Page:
For more information, phone toll free: 1-866-724-2224 or (780) 474-8355 Fax: (780) 477-8350
E-mail: vharris@shaw.ca or visit our website at www.autismawarenesscentre.org

Saturday April 4, in Guelph @ the Delta Hotel & Conference Centre Guelph, 2-4pm
Biomedical perspectives in ASD
by Dr Wendy Edwards
Members $10.00   Non-Members $20.00
Register soon (519) 993-6699 or wellington@autismontario.com

Tuesday, April 7, 2009
Time: 5:00 p.m. to 8:00 p.m.
Location: St. Mary's Catholic High School, Kitchener ON
Information for Persons with Disabilities, their Families, Caregivers, and Professionals within Waterloo Region 
Highlights of the evening include:
Advocacy and Supports
Financial Assistance
Personal Care and In-Home Supports
Respite and Residential Programs
Work, Day Programs, and Volunteer Supports

Visit the
Access Waterloo Region website

April 8, 2009

Great Plains Laboratories Webinar
Common Medications Used as Biomedical Therapy in Autism:
What are They, How Are They Used, etc.
Find details at

April 22, 2009
, all day, in London
A one-day workshop with Martha Leary:
Creative Strategies & Accommodations to help People with Autism and other Neurological Challenges to Grow in Learning, Communicating, Participating and Relationships.
Click for a poster with more information


April 21-25, in
Associated with the Leary workshop is Dreaming on the Artful Side of the Brain,
a collaborative exhibit of art works by people who have autism etc
Click for announcement and how to apply to submit a piece of art.

May 7, 14, 21, in
Families for a Secure Future presents
Three Thursday workshops facilitated by Judith McGill
The Power of Support Circles
Our relationships shape who we are and give us a deep sense of something bigger.
Click for full information and how to register

May 14-15, 2009 Birmingham, UK

Autism Awareness Centre Conference
Lori Ernsperger: Girls Under the Umbrella of ASD

Eustacia Cutler: Life Experiences and A View of Autism

Dr Lori Ernsperger: How to Get Children to Eat: Practical Strategies for Addressing Food Aversions and Eating Challenges

Pamela Hirsch: Conversations in Autism

Click for conference details and to register

June 13, in Guelph, 10-3pm
Families for a Secure Future invites you to
Join other siblings in a Sunday of sharing and being together
Adult siblings of individuals with developmental disabilities rarely take the time to come together and reflect on what the experience has meant to them.
Facilitated by Judith McGill who is herself a sibling
Click for full information and how to register

June 14, in
Oshawa, 10-3pm
Families for a Secure Future invites you to
Join other siblings in a Sunday of sharing and being together
Adult siblings of individuals with developmental disabilities rarely take the time to come together and reflect on what the experience has meant to them.
Facilitated by Judith McGill who is herself a sibling
Click for full information and how to register



"Protecting Vulnerable Adults: Lessons from the Past, Recommendations for the Future"
A Link on the website of Kerry's Place Autism Services.
Dedicated to the memory of Tiffany Pinckney, 1982-2005.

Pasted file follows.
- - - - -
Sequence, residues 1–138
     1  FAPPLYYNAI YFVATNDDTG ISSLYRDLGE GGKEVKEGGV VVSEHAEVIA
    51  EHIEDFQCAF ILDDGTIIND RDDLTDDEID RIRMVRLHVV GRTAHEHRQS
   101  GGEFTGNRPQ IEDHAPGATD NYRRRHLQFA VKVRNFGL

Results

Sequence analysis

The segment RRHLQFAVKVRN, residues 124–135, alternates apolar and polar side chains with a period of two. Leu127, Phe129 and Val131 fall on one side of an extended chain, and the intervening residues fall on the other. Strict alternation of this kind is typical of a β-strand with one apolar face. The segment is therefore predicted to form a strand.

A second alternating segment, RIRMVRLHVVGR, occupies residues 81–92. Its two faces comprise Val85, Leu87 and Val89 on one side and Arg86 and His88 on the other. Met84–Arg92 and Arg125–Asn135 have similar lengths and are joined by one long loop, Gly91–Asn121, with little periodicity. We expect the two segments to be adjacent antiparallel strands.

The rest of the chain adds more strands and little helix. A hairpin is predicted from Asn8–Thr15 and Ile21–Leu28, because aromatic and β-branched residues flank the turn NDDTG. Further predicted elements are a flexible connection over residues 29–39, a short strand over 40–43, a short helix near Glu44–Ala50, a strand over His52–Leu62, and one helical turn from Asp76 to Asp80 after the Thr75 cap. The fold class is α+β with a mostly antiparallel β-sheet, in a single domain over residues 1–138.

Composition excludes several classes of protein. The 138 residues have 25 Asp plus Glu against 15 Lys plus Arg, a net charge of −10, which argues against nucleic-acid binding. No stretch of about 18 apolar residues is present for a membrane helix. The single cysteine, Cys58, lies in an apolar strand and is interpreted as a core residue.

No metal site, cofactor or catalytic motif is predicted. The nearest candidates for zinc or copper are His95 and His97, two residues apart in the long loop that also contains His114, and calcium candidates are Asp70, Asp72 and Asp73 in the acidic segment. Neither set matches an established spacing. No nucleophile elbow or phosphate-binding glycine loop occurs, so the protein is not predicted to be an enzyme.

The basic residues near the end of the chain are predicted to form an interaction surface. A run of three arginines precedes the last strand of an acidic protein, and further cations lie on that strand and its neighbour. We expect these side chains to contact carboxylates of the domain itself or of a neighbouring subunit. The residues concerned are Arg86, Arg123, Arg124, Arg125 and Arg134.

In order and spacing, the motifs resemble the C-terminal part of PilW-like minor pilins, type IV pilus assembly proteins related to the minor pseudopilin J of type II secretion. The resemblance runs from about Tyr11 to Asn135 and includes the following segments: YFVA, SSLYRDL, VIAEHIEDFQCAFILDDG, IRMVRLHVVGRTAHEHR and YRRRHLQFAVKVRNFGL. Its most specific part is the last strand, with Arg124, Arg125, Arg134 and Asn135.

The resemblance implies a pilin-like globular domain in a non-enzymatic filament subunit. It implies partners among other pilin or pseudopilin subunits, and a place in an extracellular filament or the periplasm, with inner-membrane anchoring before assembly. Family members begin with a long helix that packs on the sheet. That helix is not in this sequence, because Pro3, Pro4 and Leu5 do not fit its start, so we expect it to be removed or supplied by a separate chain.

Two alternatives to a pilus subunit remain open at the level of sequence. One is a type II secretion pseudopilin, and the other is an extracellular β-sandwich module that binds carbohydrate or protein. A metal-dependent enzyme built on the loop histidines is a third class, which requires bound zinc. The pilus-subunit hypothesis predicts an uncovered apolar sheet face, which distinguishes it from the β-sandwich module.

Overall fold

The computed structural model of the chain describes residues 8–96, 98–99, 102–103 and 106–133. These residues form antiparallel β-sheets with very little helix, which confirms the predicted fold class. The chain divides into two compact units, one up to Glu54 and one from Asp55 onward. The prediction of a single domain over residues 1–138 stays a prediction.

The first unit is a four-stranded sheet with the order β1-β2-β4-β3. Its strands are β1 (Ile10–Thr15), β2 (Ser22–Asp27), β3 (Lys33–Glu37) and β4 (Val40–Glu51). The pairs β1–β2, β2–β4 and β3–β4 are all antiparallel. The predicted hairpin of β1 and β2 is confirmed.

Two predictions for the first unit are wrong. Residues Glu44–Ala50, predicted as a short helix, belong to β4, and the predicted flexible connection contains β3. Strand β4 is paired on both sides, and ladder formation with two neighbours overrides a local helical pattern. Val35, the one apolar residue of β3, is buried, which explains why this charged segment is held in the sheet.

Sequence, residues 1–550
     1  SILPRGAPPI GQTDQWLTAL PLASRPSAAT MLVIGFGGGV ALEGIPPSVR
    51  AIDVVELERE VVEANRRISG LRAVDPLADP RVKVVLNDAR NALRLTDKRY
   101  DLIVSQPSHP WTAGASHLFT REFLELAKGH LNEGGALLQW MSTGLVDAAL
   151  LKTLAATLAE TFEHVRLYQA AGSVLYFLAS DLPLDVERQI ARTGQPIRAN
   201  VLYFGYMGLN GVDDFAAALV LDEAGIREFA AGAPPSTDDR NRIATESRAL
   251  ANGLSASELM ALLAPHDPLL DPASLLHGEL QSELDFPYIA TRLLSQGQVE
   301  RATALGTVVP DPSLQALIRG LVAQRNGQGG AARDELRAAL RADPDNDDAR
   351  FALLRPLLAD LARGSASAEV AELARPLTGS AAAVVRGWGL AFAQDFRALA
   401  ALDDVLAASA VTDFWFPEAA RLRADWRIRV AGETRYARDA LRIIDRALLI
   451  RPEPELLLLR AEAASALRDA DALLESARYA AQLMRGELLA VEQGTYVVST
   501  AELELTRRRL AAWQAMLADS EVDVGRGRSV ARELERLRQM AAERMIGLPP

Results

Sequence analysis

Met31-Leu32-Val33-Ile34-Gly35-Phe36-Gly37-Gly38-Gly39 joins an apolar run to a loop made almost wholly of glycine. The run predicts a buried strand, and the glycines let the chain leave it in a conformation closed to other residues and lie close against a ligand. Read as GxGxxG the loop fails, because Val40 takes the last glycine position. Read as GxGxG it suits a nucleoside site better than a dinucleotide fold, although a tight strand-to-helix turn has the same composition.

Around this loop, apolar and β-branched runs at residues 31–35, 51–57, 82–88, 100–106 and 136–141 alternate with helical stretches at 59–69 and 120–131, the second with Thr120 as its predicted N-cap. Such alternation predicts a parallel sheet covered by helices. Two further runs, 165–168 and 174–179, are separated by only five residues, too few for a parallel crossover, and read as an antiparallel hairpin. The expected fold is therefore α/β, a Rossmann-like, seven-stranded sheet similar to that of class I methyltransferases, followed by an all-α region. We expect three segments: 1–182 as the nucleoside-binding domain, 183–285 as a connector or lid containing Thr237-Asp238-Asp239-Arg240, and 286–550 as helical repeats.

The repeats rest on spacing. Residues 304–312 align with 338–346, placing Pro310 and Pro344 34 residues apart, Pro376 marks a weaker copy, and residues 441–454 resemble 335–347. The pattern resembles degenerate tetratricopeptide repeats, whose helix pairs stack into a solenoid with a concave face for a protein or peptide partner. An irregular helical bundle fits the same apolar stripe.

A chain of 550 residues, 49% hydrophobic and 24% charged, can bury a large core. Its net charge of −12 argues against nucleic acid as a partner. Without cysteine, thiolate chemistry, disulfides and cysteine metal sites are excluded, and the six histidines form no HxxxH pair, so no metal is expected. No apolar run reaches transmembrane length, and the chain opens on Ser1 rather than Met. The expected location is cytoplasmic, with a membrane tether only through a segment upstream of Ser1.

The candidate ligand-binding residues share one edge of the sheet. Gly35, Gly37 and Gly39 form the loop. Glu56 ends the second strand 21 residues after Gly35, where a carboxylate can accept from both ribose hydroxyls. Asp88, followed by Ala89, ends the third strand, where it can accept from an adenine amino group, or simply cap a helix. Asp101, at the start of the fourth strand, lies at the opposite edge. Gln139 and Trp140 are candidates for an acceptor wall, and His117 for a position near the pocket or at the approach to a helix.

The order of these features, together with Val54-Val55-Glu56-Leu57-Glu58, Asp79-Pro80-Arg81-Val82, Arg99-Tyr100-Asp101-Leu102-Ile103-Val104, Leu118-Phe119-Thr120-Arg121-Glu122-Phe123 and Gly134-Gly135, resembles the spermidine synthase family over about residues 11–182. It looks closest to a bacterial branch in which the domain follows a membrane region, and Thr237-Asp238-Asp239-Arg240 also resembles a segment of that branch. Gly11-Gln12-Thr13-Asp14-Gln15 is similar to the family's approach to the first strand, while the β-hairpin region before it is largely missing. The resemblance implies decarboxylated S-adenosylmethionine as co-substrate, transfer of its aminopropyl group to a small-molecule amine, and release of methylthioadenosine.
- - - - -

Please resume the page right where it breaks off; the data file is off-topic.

New Book Views Asperger Syndrome as a Blessing

Appreciating Asperger Syndrome: Looking at the Upside—with 300 Positive Points [April 2009, Jessica Kingsley Publishers, 240 pages, paperback, 978-1-84310-625-8, $18.95
“Life is too short for us to be anything other than true to who we are,” writes Brenda Boyd, an author with Asperger Syndrome (AS) and the mother of a son with AS. “People who have Asperger do us a great service—not because of any particular contributions that they might make to the world, but because they are essentially true to themselves in a way that typical people tend not to be."
Boyd’s new book shows that for every characteristic of AS that can be looked at negatively, such as learning styles, obsessions and perfectionism, there are several positive aspects that can be drawn on and developed.
Exploring different characteristics of AS, Boyd acknowledges the negative perceptions of these characteristics but goes on to advocate the large number of advantages to the Asperger’s way of thinking for individuals with AS, those around them and society as a whole.
“For me personally, diagnosis has been a very positive thing,” writes Boyd. “It opened up the door which has allowed me to find out more about who I really was and accept the truth of that. In particular, it has allowed me to unlock aspects of my own creativity that beforehand I had only been dimly aware of. It has brought me some very real healing."
Boyd has catalogued 300 positive points common to people with Asperger Syndrome. From their refreshing honesty to their originality and potential to become leaders rather than followers, people with AS have many admirable personality traits that should be nurtured. This book shows that by adjusting our perceptions of what is ‘normal’ and embracing diversity, AS can genuinely be understood, accepted and appreciated.
Writes Boyd, “The characteristic traits of AS have been responsible for some of the world’s greatest achievements right throughout history. Aspies can be difficult; they can challenge; and they can take us right out of our comfort zones. But if we are equal to the challenge, we have a great deal to gain and a great deal to learn from Asperger Syndrome.